Three leadership myths to avoid
2. The Myth of Omniscience
This is the belief that being the leader means knowing everything about everything. It comes in two varieties. In some environments, it makes the brand new leader micromanage and attempt to oversee the smallest detail. In others, it makes the leader think they have to know the answer to every question. Why else would they be the leader?
Bradley had these two issues. He started looking over everyone’s shoulder. Bradley also never failed to give an answer even when he was clueless. His staff noticed. They even started reading questions from the back of a quantum physics text book just to mess with him.
3. The Myth of Omni-adrenaline
This is probably the most damaging myth in today’s complex, skill-driven team environments. It is the belief that excellent execution from a team demands adrenaline surges, rousing speeches and lots of shouting. Every movie has such inspirational moments and Bradley tried to create them every day. Unfortunately, it didn’t seem to work on his team.
Bradley’s attempts at motivating were actually hurting his team’s performance, not helping. Shouting and adrenaline surges are only useful for invoking over-learned, mindless performance in the face of fear and actual physiological arousal. Military units and sports teams are perfect for this type of leadership. They also provide clear winners and losers and are wonderful backdrops for the kind of dramatic storytelling Hollywood thrives on. Would you want to see a movie about complex, skill-driven teams toiling day after day to solve logistics issues, problems with customer service, or trying to get the copier man to arrive on time?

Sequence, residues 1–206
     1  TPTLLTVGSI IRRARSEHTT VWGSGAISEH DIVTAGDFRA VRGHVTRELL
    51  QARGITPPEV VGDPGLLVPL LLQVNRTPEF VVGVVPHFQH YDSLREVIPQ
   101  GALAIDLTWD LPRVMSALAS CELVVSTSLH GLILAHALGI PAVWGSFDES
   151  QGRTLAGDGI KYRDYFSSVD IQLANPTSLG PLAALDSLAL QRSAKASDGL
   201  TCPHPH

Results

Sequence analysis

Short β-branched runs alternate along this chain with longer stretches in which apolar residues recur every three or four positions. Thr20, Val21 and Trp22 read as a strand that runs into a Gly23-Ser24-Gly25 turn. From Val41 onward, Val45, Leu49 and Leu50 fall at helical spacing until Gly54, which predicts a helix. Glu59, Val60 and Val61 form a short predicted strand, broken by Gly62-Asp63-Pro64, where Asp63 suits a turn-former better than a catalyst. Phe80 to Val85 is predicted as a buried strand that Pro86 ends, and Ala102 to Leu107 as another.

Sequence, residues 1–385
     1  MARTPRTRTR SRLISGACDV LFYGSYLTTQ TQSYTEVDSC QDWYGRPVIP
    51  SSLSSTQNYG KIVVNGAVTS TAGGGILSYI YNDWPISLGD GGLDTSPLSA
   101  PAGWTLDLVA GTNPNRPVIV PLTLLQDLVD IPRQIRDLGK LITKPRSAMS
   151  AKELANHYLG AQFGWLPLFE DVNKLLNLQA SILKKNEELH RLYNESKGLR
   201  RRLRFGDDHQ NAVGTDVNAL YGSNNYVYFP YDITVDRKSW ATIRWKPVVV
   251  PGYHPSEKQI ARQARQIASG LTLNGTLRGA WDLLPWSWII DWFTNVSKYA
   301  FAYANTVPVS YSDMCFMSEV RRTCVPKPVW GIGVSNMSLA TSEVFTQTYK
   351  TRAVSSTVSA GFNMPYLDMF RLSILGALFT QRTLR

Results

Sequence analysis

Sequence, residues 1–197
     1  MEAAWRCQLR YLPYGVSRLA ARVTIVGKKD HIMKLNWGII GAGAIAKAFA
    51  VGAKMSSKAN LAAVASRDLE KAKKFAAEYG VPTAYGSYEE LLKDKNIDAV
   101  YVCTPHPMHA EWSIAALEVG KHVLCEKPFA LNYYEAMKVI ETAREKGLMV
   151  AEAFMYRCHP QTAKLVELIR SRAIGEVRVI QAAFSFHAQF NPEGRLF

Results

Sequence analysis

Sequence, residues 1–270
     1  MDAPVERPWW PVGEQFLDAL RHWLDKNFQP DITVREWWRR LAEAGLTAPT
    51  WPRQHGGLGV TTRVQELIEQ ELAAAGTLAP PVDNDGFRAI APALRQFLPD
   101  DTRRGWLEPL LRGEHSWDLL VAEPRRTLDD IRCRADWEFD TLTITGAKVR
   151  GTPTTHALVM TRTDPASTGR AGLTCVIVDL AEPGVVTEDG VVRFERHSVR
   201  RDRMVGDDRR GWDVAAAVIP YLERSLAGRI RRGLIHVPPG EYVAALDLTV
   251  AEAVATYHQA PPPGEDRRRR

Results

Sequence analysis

But adrenaline surges also narrow cognition and thinking. Today’s American work environment demands creative problem solving, flexible decision making and complex reasoning. When was the last time you had to jump on a grenade or charge into an enemy bayonet line? A leader suffering from “omni-adrenaline” in the modern workplace looks clueless and simple-minded. “Why is he shouting? I’m trying to concentrate over here!”
Americans and movie watchers worldwide are taught myths about leadership every day. The myths of omnipotence, omniscience and omni-adrenaline are just a few of the leadership stereotypes that can be fixed with training or mentorship. Fortunately, these “inoculations” are available in all kinds of dosage sizes. Everyone can get access to leadership training in today’s technology-connected world. And why not? Wouldn’t you want to create a more productive, cooperative workplace by dispelling the myths of leadership you suffer from?
Erick Lauber, Ph.D., is an applied psychologist and faculty at Indiana University of Pennsylvania. He speaks and consults on leadership, personal growth and development, and taking charge of our own life stories. His video log is located at http://www.lifeframing.org/. Contact him at http://www.ericklauber.com/ or (724) 464-7460.